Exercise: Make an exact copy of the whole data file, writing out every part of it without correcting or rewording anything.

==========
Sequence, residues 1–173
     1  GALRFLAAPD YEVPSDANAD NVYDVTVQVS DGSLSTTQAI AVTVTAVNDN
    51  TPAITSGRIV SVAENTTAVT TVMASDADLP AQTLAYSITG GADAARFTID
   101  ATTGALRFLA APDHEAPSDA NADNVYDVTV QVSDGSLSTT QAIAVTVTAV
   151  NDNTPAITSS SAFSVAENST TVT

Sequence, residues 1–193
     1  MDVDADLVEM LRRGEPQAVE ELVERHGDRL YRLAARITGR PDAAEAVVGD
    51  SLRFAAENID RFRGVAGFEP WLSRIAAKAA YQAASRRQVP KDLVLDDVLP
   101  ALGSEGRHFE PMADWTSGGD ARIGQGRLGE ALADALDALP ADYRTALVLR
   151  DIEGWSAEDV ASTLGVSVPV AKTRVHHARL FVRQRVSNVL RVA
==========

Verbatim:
Sequence, residues 1–173
     1  GALRFLAAPD YEVPSDANAD NVYDVTVQVS DGSLSTTQAI AVTVTAVNDN
    51  TPAITSGRIV SVAENTTAVT TVMASDADLP AQTLAYSITG GADAARFTID
   101  ATTGALRFLA APDHEAPSDA NADNVYDVTV QVSDGSLSTT QAIAVTVTAV
   151  NDNTPAITSS SAFSVAENST TVT

Sequence, residues 1–193
     1  MDVDADLVEM LRRGEPQAVE ELVERHGDRL YRLAARITGR PDAAEAVVGD
    51  SLRFAAENID RFRGVAGFEP WLSRIAAKAA YQAASRRQVP KDLVLDDVLP
   101  ALGSEGRHFE PMADWTSGGD ARIGQGRLGE ALADALDALP ADYRTALVLR
   151  DIEGWSAEDV ASTLGVSVPV AKTRVHHARL FVRQRVSNVL RVA